Stephen Jen landed in Hong Kong in early January 1997 as Morgan Stanley’s newly minted exchange-rate strategist for Asia.
He was soon working around the clock when investors began targeting the region’s currency pegs, first felling Thailand’s in July. The rout spread through Asia before rocking Brazil and Russia. It led to the collapse of Long-Term Capital Management, an event that introduced the Federal Reserve-brokered bailout.
If the 48-year-old native of Taiwan, with a PhD from Massachusetts Institute of Technology, sounds a little jaded now, it’s not without some reason. He says he worries that many emerging-market analysts are too young to remember the late 1990s. Instead they learned the ropes in an era dominated by the rise of Brazil, Russia, India and China -- a supposed one-way bet to prosperity.
“Many became EM specialists after the term ‘BRIC’ was coined in 2001 and don’t know any serious crisis,’’ says Jen, who now runs the London-based hedge fund SLJ Macro Partners LLP.
The youngsters are about to be schooled. Jen says echoes of 1997-1998 may be at hand.
Investors woke up today to Russia’s 1 a.m. interest-rate increase to defend the ruble. There’s the mounting likelihood of a Venezuelan default. Stocks from Thailand to Brazil are reeling. The Fed hasn’t even begun raising interest rates.
Jen is bracing for more pain.
“At some point, the risk of fractures in parts of EM will rise sharply,” said Jen.
While unwilling to draw up a blacklist for now, he says exchange rates reveal emerging-market dangers. Russia’s ruble, Brazil’s real, Mexico’s peso, Turkey’s lira, the South African rand and Indonesian rupiah have all hit the skids.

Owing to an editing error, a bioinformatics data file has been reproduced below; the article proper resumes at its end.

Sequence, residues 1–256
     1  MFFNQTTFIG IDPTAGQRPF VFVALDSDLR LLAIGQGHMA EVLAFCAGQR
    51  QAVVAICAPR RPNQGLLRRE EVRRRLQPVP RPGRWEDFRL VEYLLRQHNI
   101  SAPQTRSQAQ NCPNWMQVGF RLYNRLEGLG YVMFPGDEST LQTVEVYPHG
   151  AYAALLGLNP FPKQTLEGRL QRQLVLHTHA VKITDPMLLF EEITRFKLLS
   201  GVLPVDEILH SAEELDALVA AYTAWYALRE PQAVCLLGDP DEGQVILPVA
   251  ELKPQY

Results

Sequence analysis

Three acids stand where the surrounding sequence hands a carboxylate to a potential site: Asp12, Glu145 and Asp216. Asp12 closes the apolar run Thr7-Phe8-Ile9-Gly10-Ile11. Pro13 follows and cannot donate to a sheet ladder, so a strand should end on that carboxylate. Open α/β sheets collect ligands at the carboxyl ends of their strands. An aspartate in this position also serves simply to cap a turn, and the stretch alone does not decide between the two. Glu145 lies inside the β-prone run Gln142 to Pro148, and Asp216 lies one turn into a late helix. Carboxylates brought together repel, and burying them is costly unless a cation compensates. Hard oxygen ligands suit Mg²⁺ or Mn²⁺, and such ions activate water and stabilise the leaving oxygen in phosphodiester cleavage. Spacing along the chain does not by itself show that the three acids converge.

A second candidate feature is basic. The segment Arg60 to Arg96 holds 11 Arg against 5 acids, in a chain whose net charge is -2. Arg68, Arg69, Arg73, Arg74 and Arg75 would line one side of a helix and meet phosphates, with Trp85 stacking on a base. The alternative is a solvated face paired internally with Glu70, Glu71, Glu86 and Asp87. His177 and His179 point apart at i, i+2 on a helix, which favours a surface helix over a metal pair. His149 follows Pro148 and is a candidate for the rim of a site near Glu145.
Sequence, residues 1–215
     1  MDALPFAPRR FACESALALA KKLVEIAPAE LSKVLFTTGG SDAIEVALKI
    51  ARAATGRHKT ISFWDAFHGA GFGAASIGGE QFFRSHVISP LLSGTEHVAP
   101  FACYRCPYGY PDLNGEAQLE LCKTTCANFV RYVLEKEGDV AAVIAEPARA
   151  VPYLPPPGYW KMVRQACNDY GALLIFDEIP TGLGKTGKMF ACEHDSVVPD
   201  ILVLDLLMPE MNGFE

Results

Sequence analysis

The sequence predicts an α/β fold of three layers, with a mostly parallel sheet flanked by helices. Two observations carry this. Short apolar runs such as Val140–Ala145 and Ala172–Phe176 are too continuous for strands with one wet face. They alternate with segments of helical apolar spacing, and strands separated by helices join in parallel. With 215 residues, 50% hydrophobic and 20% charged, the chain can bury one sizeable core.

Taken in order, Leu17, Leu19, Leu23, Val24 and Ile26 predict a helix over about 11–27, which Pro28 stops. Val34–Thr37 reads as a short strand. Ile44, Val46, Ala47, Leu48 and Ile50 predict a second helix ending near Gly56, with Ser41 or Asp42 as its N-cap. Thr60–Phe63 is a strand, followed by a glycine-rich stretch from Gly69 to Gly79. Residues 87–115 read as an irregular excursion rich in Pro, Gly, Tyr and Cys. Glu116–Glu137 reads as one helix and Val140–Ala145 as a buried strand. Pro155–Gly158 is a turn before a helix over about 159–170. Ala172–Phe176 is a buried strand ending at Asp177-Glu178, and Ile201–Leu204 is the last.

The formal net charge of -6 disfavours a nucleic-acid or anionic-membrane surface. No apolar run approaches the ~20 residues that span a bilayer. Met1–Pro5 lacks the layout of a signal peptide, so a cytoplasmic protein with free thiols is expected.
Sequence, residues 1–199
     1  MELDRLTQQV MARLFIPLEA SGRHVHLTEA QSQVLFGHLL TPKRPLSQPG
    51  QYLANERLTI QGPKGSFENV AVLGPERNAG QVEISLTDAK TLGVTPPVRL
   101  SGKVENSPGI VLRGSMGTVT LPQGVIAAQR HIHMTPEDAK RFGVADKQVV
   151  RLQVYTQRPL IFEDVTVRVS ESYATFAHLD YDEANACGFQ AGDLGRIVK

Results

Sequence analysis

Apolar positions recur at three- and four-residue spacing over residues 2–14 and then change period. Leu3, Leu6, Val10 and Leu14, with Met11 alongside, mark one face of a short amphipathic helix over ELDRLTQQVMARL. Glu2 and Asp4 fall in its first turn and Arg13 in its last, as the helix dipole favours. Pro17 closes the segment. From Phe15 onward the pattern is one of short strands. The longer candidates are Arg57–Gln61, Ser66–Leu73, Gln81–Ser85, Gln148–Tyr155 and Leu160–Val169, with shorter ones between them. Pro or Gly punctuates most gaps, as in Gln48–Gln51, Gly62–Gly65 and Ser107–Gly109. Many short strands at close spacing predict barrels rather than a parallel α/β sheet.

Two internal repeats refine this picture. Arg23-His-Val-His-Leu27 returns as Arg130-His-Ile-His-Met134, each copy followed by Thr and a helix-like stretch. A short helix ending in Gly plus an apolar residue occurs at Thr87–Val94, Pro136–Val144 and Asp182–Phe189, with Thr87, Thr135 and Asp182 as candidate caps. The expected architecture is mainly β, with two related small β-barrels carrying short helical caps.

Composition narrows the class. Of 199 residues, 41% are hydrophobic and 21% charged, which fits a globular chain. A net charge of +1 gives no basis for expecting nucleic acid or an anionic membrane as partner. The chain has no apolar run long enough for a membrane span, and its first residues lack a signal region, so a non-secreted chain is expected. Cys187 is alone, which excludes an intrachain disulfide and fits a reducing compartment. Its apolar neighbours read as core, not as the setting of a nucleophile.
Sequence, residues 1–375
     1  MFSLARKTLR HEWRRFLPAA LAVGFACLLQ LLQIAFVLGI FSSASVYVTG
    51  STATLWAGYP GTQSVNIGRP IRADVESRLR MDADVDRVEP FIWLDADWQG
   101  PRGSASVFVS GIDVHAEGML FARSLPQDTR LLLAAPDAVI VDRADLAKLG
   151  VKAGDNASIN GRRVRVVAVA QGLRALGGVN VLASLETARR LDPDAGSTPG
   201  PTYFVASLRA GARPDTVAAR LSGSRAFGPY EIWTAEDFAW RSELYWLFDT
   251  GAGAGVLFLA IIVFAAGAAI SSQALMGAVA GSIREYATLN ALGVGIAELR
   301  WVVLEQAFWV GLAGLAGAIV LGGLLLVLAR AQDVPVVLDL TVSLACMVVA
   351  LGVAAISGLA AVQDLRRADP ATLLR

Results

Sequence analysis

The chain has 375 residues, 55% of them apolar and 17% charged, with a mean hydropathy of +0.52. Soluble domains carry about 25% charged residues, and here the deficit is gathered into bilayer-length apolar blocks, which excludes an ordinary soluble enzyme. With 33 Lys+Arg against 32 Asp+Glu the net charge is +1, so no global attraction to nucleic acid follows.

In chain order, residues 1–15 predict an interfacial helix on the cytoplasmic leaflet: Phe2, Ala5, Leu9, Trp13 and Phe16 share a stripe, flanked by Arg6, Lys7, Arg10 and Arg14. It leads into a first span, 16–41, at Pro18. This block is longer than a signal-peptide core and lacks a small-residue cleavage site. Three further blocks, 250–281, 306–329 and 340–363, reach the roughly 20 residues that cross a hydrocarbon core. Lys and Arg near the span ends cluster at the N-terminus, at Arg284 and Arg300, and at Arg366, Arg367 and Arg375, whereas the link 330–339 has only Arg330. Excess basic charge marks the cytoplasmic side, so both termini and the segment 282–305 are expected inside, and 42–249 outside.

The biggest causes for worry, bigger than a recession in Russia or the oil-price plunge: the slowdown in China, which has already upended commodity prices, and the likelihood U.S. growth will propel the dollar higher and suck assets out of emerging markets.
Sounding a similar alert, the Bank for International Settlements has warned an appreciating dollar could have a “profound impact” on the world economy. It estimated international banks had loaned $3.1 trillion to emerging markets by the middle of this year, mainly in dollars. Such nations had also issued international debt securities totalling $2.6 trillion, of which three-quarters was in dollars.
International Monetary Fund economists also reported this month that the frequency of sovereign debt crises is 15 percent higher at the start of a U.S. monetary tightening cycle.
“My long-standing view on EM currencies is that they could melt down because there has simply been way too much cumulative capital flows,” said Jen. “Nothing the EM economics can do will stop these potential outflows as long as the U.S. economy recovers.”